Busy Super Bowl Sunday, Pickett tapes video for anti-porn service
Church plans National Porn Sunday to fight addictions
e-mail print By Annysa Johnson of the Journal Sentinel
Jan. 28, 2011 |(21) Comments
Packers defensive lineman Ryan Pickett supports National Porn Sunday but has a Super Bowl conflict. .
. Mark HoffmanPackers defensive lineman Ryan Pickett supports National Porn Sunday but has a Super Bowl conflict.Close
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next Packers defensive end Ryan Pickett had hoped to attend National Porn Sunday, a Feb. 6 religious service whose anti-pornography message will be broadcast to 300 churches across the country on Super Bowl Sunday.
But, it turns out, he has a conflict.
Pickett will be suiting up with hopes of taking down the Pittsburgh Steelers in Super Bowl XLV at Cowboys Stadium, about 30 miles from the service in nearby Addison, Texas.
"I would love to have been with you guys today. But fortunately, I'm a little busy," Pickett tells viewers in a video that will be played in the churches as part of the national outreach. Then he adds, grinning: "Go Packers."
Pickett and his wife, Jennifer, who also appears on the video, sit on the board of directors of xxxchurch.com, a Las Vegas-based Internet site that bills itself as the largest online resource for people struggling with pornography addiction and workers in the sex trade.
"We just hope the day is a blessing to you as much as the ministry has been a blessing to us," he says.
Pickett said in an interview Friday in Green Bay that he personally hasn't struggled with pornography but is troubled by its prevalence.
"It's just everywhere. I just felt like it was a good thing to jump on board with," he said of the ministry.
Players tout ministry
The video includes personal stories of other current and former NFL players, including quarterbacks Matt Hasselbeck of the Seattle Seahawks and Jon Kitna of the Dallas Cowboys. They're seen touting the ministry and its software, which tracks a user's Internet movements, sending a weekly list of sites visited to the user's "accountability partners" - say, friends or a spouse.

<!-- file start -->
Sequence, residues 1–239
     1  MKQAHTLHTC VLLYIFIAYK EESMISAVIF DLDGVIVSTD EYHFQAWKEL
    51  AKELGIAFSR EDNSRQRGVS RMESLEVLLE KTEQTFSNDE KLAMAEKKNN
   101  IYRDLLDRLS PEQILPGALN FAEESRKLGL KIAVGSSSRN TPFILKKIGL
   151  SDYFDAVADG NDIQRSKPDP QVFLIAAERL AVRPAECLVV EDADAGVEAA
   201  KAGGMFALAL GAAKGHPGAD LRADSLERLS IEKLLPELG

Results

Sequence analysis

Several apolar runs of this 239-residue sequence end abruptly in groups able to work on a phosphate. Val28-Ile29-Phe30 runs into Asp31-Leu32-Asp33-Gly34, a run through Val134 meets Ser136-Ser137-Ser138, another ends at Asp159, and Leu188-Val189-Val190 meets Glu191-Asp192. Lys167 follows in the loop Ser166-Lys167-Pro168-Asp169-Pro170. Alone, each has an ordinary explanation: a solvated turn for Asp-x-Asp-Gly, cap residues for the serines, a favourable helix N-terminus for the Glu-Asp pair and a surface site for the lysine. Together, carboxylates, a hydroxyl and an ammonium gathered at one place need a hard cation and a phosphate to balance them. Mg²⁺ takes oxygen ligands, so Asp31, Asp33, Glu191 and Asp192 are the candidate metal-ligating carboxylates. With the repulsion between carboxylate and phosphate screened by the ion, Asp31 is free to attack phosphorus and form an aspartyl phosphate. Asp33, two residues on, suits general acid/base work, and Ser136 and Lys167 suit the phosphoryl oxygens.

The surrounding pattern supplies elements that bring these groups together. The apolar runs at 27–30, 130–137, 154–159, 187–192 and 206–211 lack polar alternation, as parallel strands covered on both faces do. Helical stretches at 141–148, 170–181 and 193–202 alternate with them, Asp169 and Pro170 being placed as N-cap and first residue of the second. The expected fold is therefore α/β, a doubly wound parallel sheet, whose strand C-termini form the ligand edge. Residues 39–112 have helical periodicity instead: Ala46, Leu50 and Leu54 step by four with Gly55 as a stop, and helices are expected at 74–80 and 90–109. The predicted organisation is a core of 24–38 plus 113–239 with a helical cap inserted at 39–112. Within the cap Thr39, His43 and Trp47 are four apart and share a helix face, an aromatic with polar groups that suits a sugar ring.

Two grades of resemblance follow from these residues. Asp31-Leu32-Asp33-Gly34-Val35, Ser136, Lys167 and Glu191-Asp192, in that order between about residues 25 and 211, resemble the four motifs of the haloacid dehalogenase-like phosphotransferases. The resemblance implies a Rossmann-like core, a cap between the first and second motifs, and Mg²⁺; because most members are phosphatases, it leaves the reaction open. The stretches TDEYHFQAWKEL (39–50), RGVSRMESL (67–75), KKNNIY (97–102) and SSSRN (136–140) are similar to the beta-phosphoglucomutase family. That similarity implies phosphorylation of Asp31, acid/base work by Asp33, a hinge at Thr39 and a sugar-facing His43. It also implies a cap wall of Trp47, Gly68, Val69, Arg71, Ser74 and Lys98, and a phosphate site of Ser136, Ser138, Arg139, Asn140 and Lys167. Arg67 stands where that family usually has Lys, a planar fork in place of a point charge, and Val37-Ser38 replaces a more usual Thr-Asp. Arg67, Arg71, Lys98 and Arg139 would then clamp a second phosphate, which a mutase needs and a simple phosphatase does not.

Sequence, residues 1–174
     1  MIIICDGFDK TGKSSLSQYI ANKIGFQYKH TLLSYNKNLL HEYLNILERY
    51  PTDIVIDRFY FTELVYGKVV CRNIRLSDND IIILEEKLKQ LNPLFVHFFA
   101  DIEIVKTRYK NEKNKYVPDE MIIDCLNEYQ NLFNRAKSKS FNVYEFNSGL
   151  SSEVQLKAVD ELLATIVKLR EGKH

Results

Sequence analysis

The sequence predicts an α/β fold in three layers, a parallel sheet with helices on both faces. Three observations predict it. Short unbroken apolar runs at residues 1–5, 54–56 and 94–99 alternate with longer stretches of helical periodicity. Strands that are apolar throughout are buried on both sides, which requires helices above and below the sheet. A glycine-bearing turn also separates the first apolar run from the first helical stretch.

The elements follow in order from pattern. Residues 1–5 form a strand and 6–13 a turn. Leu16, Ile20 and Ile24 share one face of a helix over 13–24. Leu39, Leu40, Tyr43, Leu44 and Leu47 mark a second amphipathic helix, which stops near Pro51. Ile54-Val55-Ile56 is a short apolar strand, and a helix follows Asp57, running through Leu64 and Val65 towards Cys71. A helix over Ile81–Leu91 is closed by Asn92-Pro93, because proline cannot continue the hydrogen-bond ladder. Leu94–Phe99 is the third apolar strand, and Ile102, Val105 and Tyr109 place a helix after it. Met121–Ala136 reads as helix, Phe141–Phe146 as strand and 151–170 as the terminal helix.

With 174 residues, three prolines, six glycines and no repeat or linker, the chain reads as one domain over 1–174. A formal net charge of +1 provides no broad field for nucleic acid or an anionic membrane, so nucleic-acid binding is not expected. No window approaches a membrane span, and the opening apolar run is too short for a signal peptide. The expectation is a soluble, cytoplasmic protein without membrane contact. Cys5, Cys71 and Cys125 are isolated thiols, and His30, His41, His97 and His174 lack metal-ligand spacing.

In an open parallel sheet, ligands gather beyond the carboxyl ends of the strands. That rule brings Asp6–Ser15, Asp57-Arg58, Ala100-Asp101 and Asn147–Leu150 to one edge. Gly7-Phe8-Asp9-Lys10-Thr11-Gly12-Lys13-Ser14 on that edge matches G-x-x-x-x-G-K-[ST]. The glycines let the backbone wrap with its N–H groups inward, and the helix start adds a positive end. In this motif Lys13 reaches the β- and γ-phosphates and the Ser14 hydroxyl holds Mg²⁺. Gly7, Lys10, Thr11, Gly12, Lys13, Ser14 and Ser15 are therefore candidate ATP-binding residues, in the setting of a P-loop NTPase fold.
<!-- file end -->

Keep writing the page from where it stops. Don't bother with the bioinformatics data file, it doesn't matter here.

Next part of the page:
Hasselbeck says it's strengthened his marriage and gives his wife "a lot of security."
Josh McCown, who spent seven years in the NFL before signing on with the United Football League, tells viewers he began to deal with his porn problem because he feared it was "taking me someplace I didn't want to go."
"It's a whole lot easier to tell your wife you're struggling with it than to have her walk in on you," he says in the video.
Craig Gross, the founder of Triple X Church, as they call it, won't say whether any of the featured players struggled personally with pornography, though the video suggests some have.
"Not everybody's addicted," said Gross, who presided over the Packers' chapel service on the eve of this month's rout of the Falcons. "And the guys who are really struggling are probably not the guys we could get to be in the video."
Gross will say, though, that NFL players may be more at risk than the average Joe.
"NFL athletes are some of the most disciplined in the world . . . but this stuff is being thrown at them more than most people, so they have to work that much harder.
"The bigger issue," Gross says, "is that these guys have money and time, and they're away from their families."
Players offer strategies to block sites
Also on the video, players talk about their strategies for staying on the straight and narrow. Hasselbeck, for example, says he still bunks with a roommate. Kitna explains how, each time he enters a hotel room, he videotapes himself turning off the TV porn channels and sends the clip to his accountability partners.
"We try to do stuff when we travel so if players do have the temptation to watch certain things, we call," Pickett said Friday. "We have a thing where we're trying to set up a block of hotel rooms so you can't order certain movies and see certain shows. It's just kind of like we're building a network."
Statistics suggest as many as 40 million Americans - that's about one in eight people - regularly view pornography online, and that the average age of first exposure is 11.
Among the myriad arguments over the effects of pornography, Gross said that it distorts viewers' perceptions of sex and discourages them from true intimacy.
"It's not enhancing their sex life, it's keeping them from the person they love. And there's the progressive nature of it," he says.
"What you're looking at online can take you offline - to strip clubs, extramarital affairs."
'The elephant in the pew'
Faith communities almost universally condemn pornography. But it's rarely a subject for the pulpit, Gross says.
Just this week, he said, he had 40 cancellations for Porn Sunday, including apparently two of the four Wisconsin churches that had signed up.
The issue, says Gross, is just too controversial for some congregations to speak about publicly - though pastors themselves also struggle: A 2001 survey by Christianity Today found that 33% of pastors had visited porn sites; 18% of them did so regularly.
"It remains the elephant in the pew. The stats are overwhelming, nobody is immune to this," Gross says. "But there's still a huge obstacle to talking about porn. And a lot of pastors just aren't willing to do it."